Respondents are correct that grounds 2, 7, and 8 are foreclosed by Tollett. Grounds 9, 10, and supplemental ground 1, however, are claims that involve whether Duda entered his guilty plea knowingly and voluntarily. Therefore, they are not barred by Tollett.

         2. Exhaustion

         A federal court will not grant a state prisoner's petition for habeas relief until the prisoner has exhausted his available state remedies for all claims raised.[23] A petitioner must give the state courts a fair opportunity to act on each of his claims before he presents those claims in a federal habeas petition.[24] A claim remains unexhausted until the petitioner has given the highest available state court the opportunity to consider the claim through direct appeal or state collateral review proceedings.[25]

         A habeas petitioner must “present the state courts with the same claim he urges upon the federal court.”[26] The federal constitutional implications of a claim, not just issues of state law, must have been raised in the state court to achieve exhaustion.[27] To achieve exhaustion, the state court must be “alerted to the fact that the prisoner [is] asserting claims under the United States Constitution” and given the opportunity to correct alleged violations of the prisoner's federal rights.[28] It is well settled that 28 U.S.C. § 2254(b) “provides a simple and clear instruction to potential litigants: before you bring any claims to federal court, be sure that you first have taken each one to state court.”[29] “[G]eneral appeals to broad constitutional principles, such as due process, equal protection, and the right to a fair trial, are insufficient to establish exhaustion.”[30]However, citation to state caselaw that applies federal constitutional principles will suffice.[31]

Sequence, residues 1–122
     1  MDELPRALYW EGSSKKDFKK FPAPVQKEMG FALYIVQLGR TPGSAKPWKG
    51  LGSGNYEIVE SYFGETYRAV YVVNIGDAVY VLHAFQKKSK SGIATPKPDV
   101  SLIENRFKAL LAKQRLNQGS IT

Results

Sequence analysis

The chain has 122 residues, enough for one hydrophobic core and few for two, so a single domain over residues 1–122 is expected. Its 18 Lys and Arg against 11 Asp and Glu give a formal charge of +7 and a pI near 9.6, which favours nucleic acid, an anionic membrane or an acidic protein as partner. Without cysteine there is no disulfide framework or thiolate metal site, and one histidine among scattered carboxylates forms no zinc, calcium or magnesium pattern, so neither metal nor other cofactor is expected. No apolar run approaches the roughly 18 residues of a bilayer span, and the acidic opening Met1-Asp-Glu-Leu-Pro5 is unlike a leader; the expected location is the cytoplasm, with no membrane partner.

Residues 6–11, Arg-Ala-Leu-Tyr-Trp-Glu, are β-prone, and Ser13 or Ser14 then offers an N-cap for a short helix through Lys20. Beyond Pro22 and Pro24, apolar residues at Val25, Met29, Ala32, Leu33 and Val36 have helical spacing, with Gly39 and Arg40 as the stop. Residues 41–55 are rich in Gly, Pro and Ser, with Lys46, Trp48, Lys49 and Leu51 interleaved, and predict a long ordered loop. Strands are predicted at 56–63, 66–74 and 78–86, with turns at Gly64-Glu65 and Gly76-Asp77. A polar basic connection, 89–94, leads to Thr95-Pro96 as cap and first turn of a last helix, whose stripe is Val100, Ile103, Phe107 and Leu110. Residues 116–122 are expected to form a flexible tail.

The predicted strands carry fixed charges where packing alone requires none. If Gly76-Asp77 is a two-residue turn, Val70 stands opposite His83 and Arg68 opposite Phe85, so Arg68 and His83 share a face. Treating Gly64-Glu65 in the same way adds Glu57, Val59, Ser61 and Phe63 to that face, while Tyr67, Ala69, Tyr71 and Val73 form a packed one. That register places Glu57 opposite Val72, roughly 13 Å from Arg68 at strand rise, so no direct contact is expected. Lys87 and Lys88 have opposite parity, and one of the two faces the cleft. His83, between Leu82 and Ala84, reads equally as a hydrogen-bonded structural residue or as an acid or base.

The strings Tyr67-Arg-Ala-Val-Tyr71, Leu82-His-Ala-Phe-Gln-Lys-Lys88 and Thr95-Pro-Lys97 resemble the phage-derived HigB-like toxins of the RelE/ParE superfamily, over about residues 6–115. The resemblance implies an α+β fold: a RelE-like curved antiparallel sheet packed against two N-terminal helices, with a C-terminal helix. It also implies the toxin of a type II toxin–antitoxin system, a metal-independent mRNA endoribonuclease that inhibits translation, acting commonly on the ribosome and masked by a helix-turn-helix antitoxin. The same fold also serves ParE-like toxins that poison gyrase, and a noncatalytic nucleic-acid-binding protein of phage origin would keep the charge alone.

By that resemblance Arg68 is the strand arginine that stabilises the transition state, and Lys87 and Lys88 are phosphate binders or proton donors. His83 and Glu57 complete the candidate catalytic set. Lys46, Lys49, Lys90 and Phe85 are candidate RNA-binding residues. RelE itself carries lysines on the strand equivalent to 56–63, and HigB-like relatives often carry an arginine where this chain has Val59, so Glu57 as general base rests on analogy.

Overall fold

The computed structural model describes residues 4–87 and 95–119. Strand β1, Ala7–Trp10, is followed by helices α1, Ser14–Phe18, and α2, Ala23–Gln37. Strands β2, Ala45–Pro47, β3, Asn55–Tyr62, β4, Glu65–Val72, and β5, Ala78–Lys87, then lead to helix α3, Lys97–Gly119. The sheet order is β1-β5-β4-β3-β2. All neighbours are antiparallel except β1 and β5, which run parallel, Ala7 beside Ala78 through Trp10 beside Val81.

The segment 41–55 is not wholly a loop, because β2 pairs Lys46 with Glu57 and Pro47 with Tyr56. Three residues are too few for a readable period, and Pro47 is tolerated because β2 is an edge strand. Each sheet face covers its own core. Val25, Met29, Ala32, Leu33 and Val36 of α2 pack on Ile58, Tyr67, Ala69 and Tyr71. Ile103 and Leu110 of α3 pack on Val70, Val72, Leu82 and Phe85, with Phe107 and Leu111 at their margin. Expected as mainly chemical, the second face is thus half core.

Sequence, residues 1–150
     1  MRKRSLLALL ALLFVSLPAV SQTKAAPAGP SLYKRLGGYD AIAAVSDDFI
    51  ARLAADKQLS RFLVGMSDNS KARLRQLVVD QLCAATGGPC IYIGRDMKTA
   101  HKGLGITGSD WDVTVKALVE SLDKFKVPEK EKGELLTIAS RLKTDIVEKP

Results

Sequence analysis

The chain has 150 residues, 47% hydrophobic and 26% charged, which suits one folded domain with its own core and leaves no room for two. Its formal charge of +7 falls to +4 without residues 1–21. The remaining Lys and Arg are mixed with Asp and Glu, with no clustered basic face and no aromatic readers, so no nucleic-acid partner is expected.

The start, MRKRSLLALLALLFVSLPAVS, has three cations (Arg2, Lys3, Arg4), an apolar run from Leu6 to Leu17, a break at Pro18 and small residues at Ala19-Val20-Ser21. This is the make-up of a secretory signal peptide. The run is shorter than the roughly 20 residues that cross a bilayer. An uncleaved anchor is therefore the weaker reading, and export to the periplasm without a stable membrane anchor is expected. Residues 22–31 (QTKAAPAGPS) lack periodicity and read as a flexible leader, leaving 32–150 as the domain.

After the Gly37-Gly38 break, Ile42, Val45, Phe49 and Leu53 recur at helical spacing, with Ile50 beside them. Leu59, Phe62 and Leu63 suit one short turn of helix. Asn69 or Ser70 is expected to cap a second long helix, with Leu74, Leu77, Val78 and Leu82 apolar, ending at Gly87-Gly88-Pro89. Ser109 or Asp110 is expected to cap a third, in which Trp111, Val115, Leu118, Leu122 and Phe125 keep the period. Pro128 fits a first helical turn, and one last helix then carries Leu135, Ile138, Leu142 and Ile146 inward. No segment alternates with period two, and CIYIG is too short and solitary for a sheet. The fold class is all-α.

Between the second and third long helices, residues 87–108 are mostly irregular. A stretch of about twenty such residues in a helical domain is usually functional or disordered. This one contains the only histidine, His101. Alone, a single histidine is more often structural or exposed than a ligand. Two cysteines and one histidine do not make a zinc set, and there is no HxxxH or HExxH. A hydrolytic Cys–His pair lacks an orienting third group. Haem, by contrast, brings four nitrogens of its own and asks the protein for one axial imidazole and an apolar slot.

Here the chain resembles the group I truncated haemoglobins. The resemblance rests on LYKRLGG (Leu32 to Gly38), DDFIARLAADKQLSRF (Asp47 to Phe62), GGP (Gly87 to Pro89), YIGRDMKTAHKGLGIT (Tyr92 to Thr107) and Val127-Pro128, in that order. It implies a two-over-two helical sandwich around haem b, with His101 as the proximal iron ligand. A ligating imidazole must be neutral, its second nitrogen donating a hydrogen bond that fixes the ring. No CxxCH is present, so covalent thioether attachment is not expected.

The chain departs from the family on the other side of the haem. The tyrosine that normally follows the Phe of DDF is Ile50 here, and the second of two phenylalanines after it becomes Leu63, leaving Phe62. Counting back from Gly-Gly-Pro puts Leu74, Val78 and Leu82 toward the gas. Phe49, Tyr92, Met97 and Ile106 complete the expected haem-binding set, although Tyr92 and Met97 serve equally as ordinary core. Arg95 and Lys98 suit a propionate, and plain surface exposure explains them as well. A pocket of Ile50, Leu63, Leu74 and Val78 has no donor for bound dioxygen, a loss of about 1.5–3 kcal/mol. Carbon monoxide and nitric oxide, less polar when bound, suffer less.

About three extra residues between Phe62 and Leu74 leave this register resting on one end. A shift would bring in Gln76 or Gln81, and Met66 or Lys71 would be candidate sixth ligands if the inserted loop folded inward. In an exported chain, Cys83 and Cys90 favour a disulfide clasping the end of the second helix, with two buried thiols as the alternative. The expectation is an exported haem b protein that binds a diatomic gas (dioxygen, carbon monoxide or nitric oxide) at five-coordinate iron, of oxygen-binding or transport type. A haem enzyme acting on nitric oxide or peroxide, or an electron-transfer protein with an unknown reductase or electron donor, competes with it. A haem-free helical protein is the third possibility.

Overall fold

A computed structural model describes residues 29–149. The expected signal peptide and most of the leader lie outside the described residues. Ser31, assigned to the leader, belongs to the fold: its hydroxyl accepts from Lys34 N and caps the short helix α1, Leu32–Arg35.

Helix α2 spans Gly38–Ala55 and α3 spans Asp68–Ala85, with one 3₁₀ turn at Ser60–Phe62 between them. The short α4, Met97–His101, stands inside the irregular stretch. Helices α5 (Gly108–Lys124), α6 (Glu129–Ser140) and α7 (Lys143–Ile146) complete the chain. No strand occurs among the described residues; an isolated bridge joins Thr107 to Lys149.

A claim is not exhausted unless the petitioner has presented the state court with the same operative facts and legal theory upon which his federal habeas claim is based.[32] The exhaustion requirement is not met when the petitioner presents to the federal court facts or evidence that place the claim in a significantly different posture than it was in the state courts, or where different facts are presented at the federal level to support the same theory.[33]

         a.Grounds 3, 4, 5, 6, 9, 10, 11 and supplemental grounds 1 and 2 In these grounds, Duda claims that:

• Ground 3: counsel was ineffective for failing to have Duda present when final judgment was issued days after he was sentenced;[34]
• Ground 4: counsel was ineffective for allowing the court to impose a penalty for an ambiguous charge;[35]
• Ground 5: counsel was ineffective for failing to raise on appeal that the court violated state procedural law in regard to penalties and sentencing procedures;[36]
• Ground 6: the prosecutor paid witnesses to testify;[37]
• Ground 9: counsel did not seek a Brady disclosure of all material in possession of the prosecution;[38]
• Ground 10: counsel did not review the victim's medical records with him;[39]
• Ground 11: his sentence is cruel and unusual in violation of the Eighth Amendment;[40]
• Supplemental ground 1: the victim's medical-exam results were not revealed to Duda;[41] and
• Supplemental ground 2: the court improperly observed at sentencing that Duda had been ...